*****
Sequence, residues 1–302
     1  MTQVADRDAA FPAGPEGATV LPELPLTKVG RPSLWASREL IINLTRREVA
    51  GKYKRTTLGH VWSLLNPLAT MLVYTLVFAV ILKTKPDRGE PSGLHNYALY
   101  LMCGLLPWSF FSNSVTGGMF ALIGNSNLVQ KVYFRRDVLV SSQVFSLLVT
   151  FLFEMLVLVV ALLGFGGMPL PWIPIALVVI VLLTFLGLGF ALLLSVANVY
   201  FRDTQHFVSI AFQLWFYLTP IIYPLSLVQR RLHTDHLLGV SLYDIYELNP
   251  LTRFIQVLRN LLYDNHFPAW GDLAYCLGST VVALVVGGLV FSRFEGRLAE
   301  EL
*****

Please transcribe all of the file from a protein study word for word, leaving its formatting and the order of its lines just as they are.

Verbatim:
Sequence, residues 1–302
     1  MTQVADRDAA FPAGPEGATV LPELPLTKVG RPSLWASREL IINLTRREVA
    51  GKYKRTTLGH VWSLLNPLAT MLVYTLVFAV ILKTKPDRGE PSGLHNYALY
   101  LMCGLLPWSF FSNSVTGGMF ALIGNSNLVQ KVYFRRDVLV SSQVFSLLVT
   151  FLFEMLVLVV ALLGFGGMPL PWIPIALVVI VLLTFLGLGF ALLLSVANVY
   201  FRDTQHFVSI AFQLWFYLTP IIYPLSLVQR RLHTDHLLGV SLYDIYELNP
   251  LTRFIQVLRN LLYDNHFPAW GDLAYCLGST VVALVVGGLV FSRFEGRLAE
   301  EL